The HA android app won't let me sign in; directly. However I came up with a hack that is temporary in nature that demonstrates working around the issue. It's as if we need a way for the companion app to detect when there's a sso redirection and display an embedded page (with shared session storage) for it.

  1. Temporarily disabled Authelia
  2. Add a "web page" card to HomeAssistant (home.example.com) that links to the Authelia sign-in page (auth.example.com)
  3. Sign in to Authelia server via the web card via the android app.
  4. Re-enable Authelia for the HA route
  5. Re-open the andorid app.
    observe: The session Authelia session persists until the timeouts are reached.

@dugite-code
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dugite-code commented Jul 8, 2022

@then3rd I was having a similar issue with my setup (Authentik Forward Auth with nginx proxy and the hass-auth-header add-on) where after the session timeout was reached the android app couldn't re-authorize. The initial login for me works fine It looks like as per @philosowaffle's post the android app posts to /auth/token to refresh it's access token outside the /auth/login_flow path. My issue was I didn't configure my bypass regex (Unauthenticated Paths in authentik) correctly as I was attempting to do this in nginx.

My Unauthenticated Paths config. I limited mine a bit more than the above config and this appears to work so far (I tested this with a 30 second session lifetime for testing).

^/api/.*
^/auth/token
^/.external_auth=.
^/service_worker.js
^/static/.*
^/local/.*
^/hacsfiles/.*
^/frontend_latest/.*

*Edit: Looks like I spoke too soon, I've just lost my week old session and I'm unable to re-authenticate. I added the /auth/token to nginx and it started working, then only to suddenly stop working again. Not sure what the real issue is.

@Thesola10
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Thesola10 commented Sep 12, 2022

@dugite-code Your comment was very insightful, my final solution was to do the opposite: only proxy the /auth/ paths behind OAuth2-proxy, and leave the rest of Home-Assistant as-is.

Here's my Nginx config (excerpt):

location ~* /auth/(?!token)(.*) {
    proxy_pass http://hass/auth/$1;
    
    # Authenticate all auth endpoints except token
    auth_request /oauth2/auth;
    ...
}

location / {
    proxy_pass http://hass/;
    ...
}

@RobinBeismann
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@Thesola10 seems to work for me to, however when I sign in with the mobile app I only see the lower part of the Authentik logon page, it's cut off below the login form. Any idea how one could fix that?

For reference, here is my homeassistant docker config with Authentik:

    # General settings
     - 'traefik.enable=true'
     - "traefik.docker.network=gateway"

     # Routers
     - 'traefik.http.routers.homeassistantPassthrough.rule=Host(`ha.home`) && !( (PathPrefix(`/auth/`)) && !(PathPrefix(`/auth/token`)) ) && !(PathPrefix(`/outpost.goauthentik.io/`))'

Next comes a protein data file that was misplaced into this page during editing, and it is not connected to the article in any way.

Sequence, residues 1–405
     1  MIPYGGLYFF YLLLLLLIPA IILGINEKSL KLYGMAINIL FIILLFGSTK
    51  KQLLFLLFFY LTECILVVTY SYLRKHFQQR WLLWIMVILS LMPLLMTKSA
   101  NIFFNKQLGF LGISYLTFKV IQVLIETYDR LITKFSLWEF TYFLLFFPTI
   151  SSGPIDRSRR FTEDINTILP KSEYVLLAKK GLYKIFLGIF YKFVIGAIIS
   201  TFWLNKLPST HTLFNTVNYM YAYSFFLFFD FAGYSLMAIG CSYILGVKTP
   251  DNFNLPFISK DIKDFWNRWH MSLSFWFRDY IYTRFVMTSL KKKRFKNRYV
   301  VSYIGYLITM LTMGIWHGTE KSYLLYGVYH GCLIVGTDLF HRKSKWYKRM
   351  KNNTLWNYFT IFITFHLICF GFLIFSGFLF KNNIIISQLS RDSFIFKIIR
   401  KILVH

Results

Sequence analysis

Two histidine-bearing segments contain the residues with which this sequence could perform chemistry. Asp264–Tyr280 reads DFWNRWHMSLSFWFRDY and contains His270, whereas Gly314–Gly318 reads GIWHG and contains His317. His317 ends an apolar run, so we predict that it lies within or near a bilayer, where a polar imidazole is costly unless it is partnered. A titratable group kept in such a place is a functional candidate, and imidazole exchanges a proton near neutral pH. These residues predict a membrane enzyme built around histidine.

- 'traefik.http.routers.homeassistantPassthrough.entrypoints=websecure'
     - "traefik.http.routers.homeassistantPassthrough.service=homeassistantService"
     - "traefik.http.routers.homeassistantPassthrough.tls.certresolver=le_production"

     - 'traefik.http.routers.homeassistantPreAuth.rule=Host(`ha.home`) && ( (PathPrefix(`/auth/`)) && !(PathPrefix(`/auth/token`)) )'
     - 'traefik.http.routers.homeassistantPreAuth.entrypoints=websecure'
     - "traefik.http.routers.homeassistantPreAuth.service=homeassistantService"
     - "traefik.http.routers.homeassistantPreAuth.tls.certresolver=le_production"

     # Services
     - "traefik.http.services.homeassistantService.loadBalancer.server.port=8123"

     # Middlewares
     - "traefik.http.routers.homeassistantPassthrough.middlewares=secure-headers@file"
     - "traefik.http.routers.homeassistantPreAuth.middlewares=secure-headers@file,authentik@docker"

@Thesola10
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@RobinBeismann apparently Authentik is broken on Android WebView, which is what the HASS app uses. Fwiw, I use Nextcloud as an OIDC backend (with the oidc app) and it displays fine on Android.

@RobinBeismann
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@RobinBeismann apparently Authentik is broken on Android WebView, which is what the HASS app uses. Fwiw, I use Nextcloud as an OIDC backend (with the oidc app) and it displays fine on Android.

I ended up changing the login prompt alignment to left on authentik, this way it displays fine on Android WebView.

@X-Ryl669
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X-Ryl669 commented Sep 5, 2023

I think I've solved the issue with Authelia and mobile applications. I've documented the complete setup here so you can reproduce it on your installation as well.

My solution doesn't involve bypassing any URL (that would reduce the security of HA, IMHO if API access isn't authenticated). It simply leave the HASS' login for mobile application intact but only allow SSO for web access.

@dougmaitelli
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dougmaitelli commented Sep 7, 2023

I think I've solved the issue with Authelia and mobile applications. I've documented the complete setup here so you can reproduce it on your installation as well.